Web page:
Dynamic Management Views and Functions Tips

25 Jul
2010

Dynamic Management Views and Functions feature comes with SQL Server 2005 version. They provides some information about system, and what is going under when SQL Server running. So you can use DMV and DMF objects to monitor the system and tune it. These object located under sys schema and names are start with the dm. As previous system objects in SQL Server, internal implementation of these objects can be change with the future releases.

I want to share some code snippets about some of DMV/F’s which I had use while tuning and monitoring SQL Server.

sys.dm_exec_sessions

sys.dm_exec_sessions provides information about running sessions in SQL Server.

Returns one row for each session in SQL Server. You can filter out system and user session with is_user_process filed.

Listing user sessions:

  

SELECT * FROM sys.dm_exec_sessions
WHERE is_user_process =1

Please read MSDN documentation for all fields returned by sys.dm_exec_sessions view to more information. Some useful fields are session_id (this can be input for other DMV/F for more information), login_time, host_name, status, cpu_time, memory_usage (x8KB –this contains number of data pages-), last_request_start_time, transaction_isolation_level, row_count (total returned row count in this session).

Another example, grouping by program name and login name and getting active session count by username:

  

SELECT 'Authentication Method'=(
            CASE
                WHEN nt_user_name IS not null THEN 'Windows Authentication'
                ELSE 'SQL Authentication'
            END),
           login_name AS 'Login Name', ISNULL(nt_user_name,'-') AS 'Windows Login Name',
           COUNT(session_id) AS 'Session Count',
           SUM(row_count) 'Total Number Of Returned Rows by login+programname',
           program_name
FROM sys.dm_exec_sessions
GROUP BY login_name,nt_user_name,program_name

Output:

dm_exec_sessions1

You can list the users who have more than the normal count of sessions.

You can use sys.dm_exec_sessions DMV object conjunction with  sys.sysprocesses view to get to current executing sql queries sql_handle.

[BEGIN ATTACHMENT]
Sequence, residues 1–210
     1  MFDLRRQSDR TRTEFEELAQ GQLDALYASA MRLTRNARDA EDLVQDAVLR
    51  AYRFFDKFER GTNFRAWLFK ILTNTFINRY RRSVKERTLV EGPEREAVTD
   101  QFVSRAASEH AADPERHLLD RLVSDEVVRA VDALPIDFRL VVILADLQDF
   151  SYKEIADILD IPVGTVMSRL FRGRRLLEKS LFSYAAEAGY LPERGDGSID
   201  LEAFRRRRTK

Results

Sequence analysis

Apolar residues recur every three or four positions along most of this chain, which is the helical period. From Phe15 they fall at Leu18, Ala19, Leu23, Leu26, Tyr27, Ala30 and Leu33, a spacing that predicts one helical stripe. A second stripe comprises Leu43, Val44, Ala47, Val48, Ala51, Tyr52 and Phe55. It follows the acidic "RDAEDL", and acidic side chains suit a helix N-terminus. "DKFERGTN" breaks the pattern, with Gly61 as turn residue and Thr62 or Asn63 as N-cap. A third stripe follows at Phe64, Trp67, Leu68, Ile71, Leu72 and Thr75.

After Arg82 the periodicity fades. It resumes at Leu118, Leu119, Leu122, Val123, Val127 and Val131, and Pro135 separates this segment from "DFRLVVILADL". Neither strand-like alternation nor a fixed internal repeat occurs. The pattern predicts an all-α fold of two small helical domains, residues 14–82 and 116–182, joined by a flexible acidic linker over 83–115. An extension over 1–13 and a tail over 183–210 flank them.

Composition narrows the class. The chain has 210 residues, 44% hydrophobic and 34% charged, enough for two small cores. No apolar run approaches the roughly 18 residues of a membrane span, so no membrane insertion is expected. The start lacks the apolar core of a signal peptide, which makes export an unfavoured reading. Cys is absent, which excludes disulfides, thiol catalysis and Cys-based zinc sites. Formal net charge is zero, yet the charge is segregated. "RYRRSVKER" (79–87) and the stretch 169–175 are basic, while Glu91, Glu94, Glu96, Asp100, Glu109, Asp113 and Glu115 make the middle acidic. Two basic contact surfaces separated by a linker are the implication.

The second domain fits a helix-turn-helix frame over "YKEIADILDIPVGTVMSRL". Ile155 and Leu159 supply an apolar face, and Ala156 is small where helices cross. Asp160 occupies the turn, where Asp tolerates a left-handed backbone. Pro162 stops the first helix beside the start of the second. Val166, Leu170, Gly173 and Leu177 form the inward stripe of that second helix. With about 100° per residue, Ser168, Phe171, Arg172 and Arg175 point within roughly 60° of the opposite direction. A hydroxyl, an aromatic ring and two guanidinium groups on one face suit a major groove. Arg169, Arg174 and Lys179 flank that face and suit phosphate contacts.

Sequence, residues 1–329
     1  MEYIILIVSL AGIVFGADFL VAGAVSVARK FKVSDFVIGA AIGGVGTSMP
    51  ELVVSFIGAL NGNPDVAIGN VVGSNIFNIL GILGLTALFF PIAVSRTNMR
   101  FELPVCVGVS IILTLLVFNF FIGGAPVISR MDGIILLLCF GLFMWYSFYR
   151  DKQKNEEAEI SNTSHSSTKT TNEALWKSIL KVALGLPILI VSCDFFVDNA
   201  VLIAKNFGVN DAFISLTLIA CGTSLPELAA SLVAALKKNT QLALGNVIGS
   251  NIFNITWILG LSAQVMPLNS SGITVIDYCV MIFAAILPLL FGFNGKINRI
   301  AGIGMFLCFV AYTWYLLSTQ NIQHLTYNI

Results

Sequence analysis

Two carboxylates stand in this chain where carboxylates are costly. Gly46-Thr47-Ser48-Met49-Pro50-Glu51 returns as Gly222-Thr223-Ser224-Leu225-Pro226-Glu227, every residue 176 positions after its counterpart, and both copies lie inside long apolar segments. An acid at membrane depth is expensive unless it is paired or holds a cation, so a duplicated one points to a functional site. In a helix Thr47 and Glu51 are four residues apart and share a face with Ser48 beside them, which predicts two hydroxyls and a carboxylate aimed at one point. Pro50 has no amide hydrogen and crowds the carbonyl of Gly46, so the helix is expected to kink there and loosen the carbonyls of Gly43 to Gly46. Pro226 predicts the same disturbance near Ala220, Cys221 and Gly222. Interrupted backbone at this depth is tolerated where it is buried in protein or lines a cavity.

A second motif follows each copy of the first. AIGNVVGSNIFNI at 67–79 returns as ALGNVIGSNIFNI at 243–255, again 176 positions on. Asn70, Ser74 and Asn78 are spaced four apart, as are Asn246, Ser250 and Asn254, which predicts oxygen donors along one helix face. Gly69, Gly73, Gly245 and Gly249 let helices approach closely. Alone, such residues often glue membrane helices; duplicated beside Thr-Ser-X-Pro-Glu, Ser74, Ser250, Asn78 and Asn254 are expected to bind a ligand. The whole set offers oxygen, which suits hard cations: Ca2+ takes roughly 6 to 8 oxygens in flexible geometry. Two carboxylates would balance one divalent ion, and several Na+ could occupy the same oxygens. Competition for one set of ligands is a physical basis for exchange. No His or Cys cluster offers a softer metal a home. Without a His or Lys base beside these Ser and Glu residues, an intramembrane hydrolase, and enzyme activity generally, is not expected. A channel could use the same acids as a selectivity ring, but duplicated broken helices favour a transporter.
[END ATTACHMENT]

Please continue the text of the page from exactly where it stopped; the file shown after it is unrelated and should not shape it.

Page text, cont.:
select sp.sql_handle,es.session_id,es.login_time,es.host_name,es.program_name,es.status,
       es.row_count,es.last_request_start_time,es.is_user_process
from sys.dm_exec_sessions es
inner join sys.sysprocesses sp on sp.spid=es.session_id
where is_user_process=1

Output :

dm_exec_sessions2

First column of the result set comes from sys.sysprocesses view’s sp.sql_handle column.

This values is the memory address of the executing sql query. You can use fn_get_sql function to get the actual sql query text. (You can copy and paste the sql_handle value from the previous result window.Value at the below is a unique value for every query. So it will not work in your environment with this value.)

select text sql_query FROM fn_get_sql(0x01000100AB5E5014301E99800000000000000000)

Calling fn_get_sql one by one for each sql_handle value in the result set can be hard for monitoring. You can use query at the below for adding sql query in the main result set as a column.

  

select (select text sql_query FROM fn_get_sql(it.sql_handle)) sql,
it.* from (
            select sp.sql_handle,es.session_id,es.login_time,es.host_name,es.program_name,es.status,
                es.row_count,es.last_request_start_time,es.is_user_process
            from sys.dm_exec_sessions es
                 inner join sys.sysprocesses sp on sp.spid=es.session_id
            where is_user_process=1
) it

Output

dm_exec_sessions3

Alternatively sys.dm_exec_sql_text DMV can be used to get actual sql query text. Before using this DMV object I want to talk about another DMV object named sys.dm_exec_query_stats.

sys.dm_exec_query_stats returns aggregate performance statistics for cached query plans. For example you can list the TOP N query by the average execution times.

List cached sql query plans statistics and order by average execution time.

  

SELECT eqs.total_worker_time/eqs.execution_count AS [Avg CPU Time]
,eqs.*
FROM sys.dm_exec_query_stats eqs
ORDER BY [Avg CPU Time] DESC

Output

dm_exec_query_stats1

This DMV contains total_worker_time and execution_count columns in the result set, total_worker_time is sum of the execution times of this query plans, and execution_count is number execution time of this query plan.

p.s.: This DMV uses query cache plan as a source for listing statistics. If systems workload is overloaded, results can be incorrect. In this situation rerunning the query can be the cure.

After SQL Server restart or after calling DBCC FREEPROCCACHE function, SQl Server cleans the query plan cache, so you can’t list the queries which are executed before this actions (restart and freeproccache).

For listing the actual sql query text and ordering by average execution time, you can add the sys.dm_exec_sql_text DMV object to the query as an subquery.

List TOP 10 sql query

  

SELECT TOP 10
total_worker_time/execution_count AS [Avg CPU Time],
(SELECT SUBSTRING(text,statement_start_offset/2,
    (CASE WHEN statement_end_offset = -1 then
    LEN(CONVERT(nvarchar(max), text)) * 2
    ELSE statement_end_offset end -statement_start_offset)/2)
    FROM sys.dm_exec_sql_text(sql_handle)) AS query_text
FROM sys.dm_exec_query_stats
ORDER BY [Avg CPU Time] DESC

Output

dm_exec_query_stats2

I think, an sql administrator must be create an view with the above query. This query can be used for monitoring the executing query when your system started to slow down in the middle of the work hours. You can detect a erroneous queries written by a sleepy developer.



Comment Form

top